Watching birds at the nest is fun–and fuels bird conservation
Springtime is nesting time, and that means another season of beautiful birdsong, colorful eggs, and downy nestlings. Spring also brings another season of NestWatch, a free citizen-science project from the Cornell Lab of Ornithology. Volunteers have been helping the Lab monitor nesting birds for 50 years, keeping tabs on open-cup nests and actively putting out the welcome mat for species that prefer a cozy cavity.
“Even those who already have birds nesting nearby can support more birds by putting up a nest box, or by landscaping for nesting birds,” says NestWatch project leader Robyn Bailey. “Supplying nesting materials, like wool, cotton, or pet fur is another great way to encourage more birds to take up residence.”
NestWatch provides an intimate glimpse into the lives of nesting birds but it is much more. NestWatch data have been used in more than 130 scientific studies, yielding valuable information for scientists and land managers, such as:
- When, where, and how many eggs are laid by certain species across a wide range
- How to minimize the effects of forestry and agricultural practices on nesting birds
- Revealing that some species, such as Tree Swallows and Eastern Bluebirds, are nesting earlier as spring temperatures have risen.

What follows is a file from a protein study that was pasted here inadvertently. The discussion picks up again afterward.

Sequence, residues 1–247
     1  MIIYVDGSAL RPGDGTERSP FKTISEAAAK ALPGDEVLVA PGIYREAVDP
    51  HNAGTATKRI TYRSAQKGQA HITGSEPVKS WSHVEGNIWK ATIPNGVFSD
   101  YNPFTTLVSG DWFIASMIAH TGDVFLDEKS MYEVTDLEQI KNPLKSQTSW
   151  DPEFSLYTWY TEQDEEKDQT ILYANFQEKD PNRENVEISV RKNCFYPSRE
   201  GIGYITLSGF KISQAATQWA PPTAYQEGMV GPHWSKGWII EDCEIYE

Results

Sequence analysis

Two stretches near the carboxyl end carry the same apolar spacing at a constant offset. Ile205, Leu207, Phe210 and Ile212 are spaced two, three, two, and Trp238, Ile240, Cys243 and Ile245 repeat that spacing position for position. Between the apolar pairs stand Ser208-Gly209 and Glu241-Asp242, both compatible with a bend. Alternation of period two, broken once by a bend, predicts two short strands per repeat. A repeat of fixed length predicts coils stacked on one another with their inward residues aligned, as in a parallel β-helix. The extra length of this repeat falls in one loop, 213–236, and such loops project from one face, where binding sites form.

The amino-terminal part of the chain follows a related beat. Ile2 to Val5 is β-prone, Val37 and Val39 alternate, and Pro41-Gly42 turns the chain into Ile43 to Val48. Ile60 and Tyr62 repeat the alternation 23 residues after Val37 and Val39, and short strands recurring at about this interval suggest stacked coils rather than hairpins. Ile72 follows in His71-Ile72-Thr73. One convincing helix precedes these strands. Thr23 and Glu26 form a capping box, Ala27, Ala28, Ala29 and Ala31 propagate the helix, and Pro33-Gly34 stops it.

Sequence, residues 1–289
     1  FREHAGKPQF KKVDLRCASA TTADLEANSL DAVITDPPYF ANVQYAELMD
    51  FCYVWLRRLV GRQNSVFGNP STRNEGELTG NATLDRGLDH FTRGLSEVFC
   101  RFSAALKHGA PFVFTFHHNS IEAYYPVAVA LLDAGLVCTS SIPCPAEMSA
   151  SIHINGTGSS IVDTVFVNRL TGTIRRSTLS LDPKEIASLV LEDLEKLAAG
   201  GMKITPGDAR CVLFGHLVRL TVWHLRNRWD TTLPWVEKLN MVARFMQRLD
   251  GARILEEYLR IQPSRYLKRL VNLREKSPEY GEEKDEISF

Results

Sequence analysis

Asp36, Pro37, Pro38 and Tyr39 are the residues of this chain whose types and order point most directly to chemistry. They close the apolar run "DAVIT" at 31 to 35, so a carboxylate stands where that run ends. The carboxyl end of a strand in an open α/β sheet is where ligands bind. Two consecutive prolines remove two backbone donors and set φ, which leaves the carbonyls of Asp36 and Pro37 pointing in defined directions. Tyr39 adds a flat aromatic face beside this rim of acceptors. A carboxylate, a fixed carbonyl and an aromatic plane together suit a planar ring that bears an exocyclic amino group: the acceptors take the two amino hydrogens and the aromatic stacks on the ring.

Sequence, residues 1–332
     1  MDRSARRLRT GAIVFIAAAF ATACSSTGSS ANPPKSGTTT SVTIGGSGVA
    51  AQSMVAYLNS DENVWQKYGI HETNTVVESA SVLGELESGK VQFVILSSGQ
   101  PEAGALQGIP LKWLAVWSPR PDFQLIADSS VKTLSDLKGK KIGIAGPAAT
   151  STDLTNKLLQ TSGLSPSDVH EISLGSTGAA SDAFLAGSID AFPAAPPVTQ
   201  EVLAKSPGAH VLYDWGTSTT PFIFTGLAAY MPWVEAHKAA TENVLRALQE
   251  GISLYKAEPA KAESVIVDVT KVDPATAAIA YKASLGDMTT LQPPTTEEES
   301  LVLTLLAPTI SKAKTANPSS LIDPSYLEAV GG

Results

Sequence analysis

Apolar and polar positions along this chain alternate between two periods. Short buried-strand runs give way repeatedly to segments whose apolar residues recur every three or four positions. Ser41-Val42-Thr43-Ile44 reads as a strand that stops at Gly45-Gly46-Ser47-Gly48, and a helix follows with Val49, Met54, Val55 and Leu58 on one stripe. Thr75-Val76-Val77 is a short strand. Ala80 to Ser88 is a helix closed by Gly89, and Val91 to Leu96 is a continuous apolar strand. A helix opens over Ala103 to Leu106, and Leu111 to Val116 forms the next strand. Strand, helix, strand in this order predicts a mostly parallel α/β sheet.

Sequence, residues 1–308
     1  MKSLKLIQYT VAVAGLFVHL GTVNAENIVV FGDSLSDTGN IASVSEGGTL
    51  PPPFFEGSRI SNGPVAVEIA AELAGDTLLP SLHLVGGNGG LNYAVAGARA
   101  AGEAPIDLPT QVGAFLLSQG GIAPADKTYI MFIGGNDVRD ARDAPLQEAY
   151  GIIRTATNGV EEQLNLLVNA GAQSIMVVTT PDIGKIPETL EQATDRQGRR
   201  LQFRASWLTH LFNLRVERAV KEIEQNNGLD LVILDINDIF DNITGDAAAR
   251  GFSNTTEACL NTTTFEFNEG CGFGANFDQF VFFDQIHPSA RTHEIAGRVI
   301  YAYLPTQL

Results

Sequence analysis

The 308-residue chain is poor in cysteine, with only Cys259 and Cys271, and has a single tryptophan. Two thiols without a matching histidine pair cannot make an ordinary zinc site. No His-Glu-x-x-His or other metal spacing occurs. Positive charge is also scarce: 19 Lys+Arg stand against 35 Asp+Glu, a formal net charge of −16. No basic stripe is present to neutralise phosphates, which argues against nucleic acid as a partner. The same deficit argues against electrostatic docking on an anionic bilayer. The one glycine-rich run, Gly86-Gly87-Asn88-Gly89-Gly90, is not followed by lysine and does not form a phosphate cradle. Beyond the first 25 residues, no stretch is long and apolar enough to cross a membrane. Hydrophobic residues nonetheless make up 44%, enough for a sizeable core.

These discoveries and others are made possible by people who simply enjoy watching birds in their backyard or local park.
“I find observing the behavior of the natural world endlessly fascinating,” says participant Kate Lowry. “NestWatch offers me the chance to channel my efforts into this more organized method that can provide information to real scientists who, in turn, use the data in their studies.”
“Even after five decades there’s a lot learn,” says Bailey. “For example, data on the Eurasian Collared-Dove, a relative newcomer to North America, remains sketchy. We still don’t know how its presence affects our native Mourning Doves, or even how many times they can nest in one year.” Scientists need more data to understand how and why species respond differently to large, continent-level changes in the environment.
NestWatch can be a wonderful learning experience for the whole family. Find out more about the project, sign up, and learn how to locate and monitor nests at NestWatch.org.